Fortuitous failure leads professor to illuminating career in education
by Eli Saleh
Dec 01, 2013
“Congratulations on your failure.” These words were said to Fouad Abd-El-Khalick by his professor in education after receiving news that Fouad did not get into medical school, urging him to consider education as an alternative. From that moment on, Abd-El-Khalick, now department head and professor of Curriculum and Instruction at Illinois, embarked on pursuing a career in education.
“I got to discover the world of education and the many interesting and deep questions about how students learn, how you can get students engaged, how you can change students' lives,” Abd-El-Khalick stated.
After completing his master's degree in Science Education at the American University of Beirut, Abd-El-Khalick studied at Oregon State University where he earned his Ph.D. in Science Education in 1998. He then returned to his alma mater in Beirut to teach but soon realized he wanted to pursue a wider research agenda and joined the University of Illinois in 2000.
As individuals are called to the field of education and become inspired to teach, Abd-El-Khalick emphasizes the importance of developing personal connections with students and living up to the continuous challenge of problem solving. He believes that there is no profession like teaching where a person can have a profound impact on the lives of so many people.
“You learn about the principles of teaching and learning, curriculum design, engaging students, managing a learning environment. But there is never a single way to do this—every student is different, every class is different. Being a teacher is just continuous problem solving in the very best positive way and that is an incredibly satisfying profession to have,” Abd-El-Khalick said.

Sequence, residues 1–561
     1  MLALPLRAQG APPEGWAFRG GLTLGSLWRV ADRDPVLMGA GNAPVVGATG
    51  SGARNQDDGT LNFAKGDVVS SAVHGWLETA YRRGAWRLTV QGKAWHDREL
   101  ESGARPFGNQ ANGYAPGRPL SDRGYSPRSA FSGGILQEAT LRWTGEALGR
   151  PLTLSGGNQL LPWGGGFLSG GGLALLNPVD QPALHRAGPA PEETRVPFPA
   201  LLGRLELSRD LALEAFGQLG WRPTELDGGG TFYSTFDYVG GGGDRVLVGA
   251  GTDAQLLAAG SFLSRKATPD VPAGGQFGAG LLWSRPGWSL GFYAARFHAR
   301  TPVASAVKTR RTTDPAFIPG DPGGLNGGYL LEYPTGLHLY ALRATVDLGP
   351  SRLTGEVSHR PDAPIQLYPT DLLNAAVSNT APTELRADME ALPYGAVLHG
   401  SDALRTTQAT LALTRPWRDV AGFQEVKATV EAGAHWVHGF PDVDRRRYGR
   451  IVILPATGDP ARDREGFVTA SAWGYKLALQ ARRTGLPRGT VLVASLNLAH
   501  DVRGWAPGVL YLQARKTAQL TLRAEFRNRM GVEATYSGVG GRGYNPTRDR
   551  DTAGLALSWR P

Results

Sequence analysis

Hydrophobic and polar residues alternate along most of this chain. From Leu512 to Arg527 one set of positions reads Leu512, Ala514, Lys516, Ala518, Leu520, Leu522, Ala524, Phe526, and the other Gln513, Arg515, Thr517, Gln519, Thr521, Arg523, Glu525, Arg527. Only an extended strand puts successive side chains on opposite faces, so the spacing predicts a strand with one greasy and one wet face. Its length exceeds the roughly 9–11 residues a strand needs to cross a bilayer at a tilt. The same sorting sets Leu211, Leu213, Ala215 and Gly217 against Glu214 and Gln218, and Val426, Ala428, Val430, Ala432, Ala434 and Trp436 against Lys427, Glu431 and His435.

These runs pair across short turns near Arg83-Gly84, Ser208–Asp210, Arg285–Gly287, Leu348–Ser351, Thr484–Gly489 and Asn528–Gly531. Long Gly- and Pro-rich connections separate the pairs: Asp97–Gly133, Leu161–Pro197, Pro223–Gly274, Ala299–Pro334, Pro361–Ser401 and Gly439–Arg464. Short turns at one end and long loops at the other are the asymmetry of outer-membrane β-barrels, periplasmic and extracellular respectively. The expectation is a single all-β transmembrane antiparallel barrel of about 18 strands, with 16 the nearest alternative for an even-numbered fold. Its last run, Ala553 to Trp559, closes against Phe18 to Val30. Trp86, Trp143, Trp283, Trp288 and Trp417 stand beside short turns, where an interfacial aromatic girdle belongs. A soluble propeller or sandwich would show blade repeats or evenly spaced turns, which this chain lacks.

According to the U.S. News and World Report, the Department of Curriculum and Instruction at the University of Illinois is ranked 5th in the nation. Known for its quality programs that prepare teacher-leaders of tomorrow, the department prides itself in its gifted group of scholars, teachers, and staff who engage in a wide range of research related to critical issues of learning, teaching, and social justice at global and local levels.
“We really have a comprehensive place that brings together a group of passionate professors who do research on schooling, teaching, and learning. They work very hard to connect all of that research to the very practice they do themselves and the way they prepare their students to become teachers. When you come to the Department of Curriculum and Instruction at Illinois, you are going to have a first rate education about becoming the best teacher you can be,” Abd-El-Khalick stated.
Further, he urges prospective students interested in teaching to ask themselves if they truly care about social justice, about education for all, and about creating equitable learning environments that enable all students to achieve their potential. These are the values that underlie a successful and satisfying career in education. “Becoming a good teacher first requires a commitment to wanting to change lives, to inspire students, to serve as a role model of what it means to become a life-long learner,” Abd-El-Khalick said.
Once committed to those ideals, a successful career of impacting lives and shaping minds is sure to follow.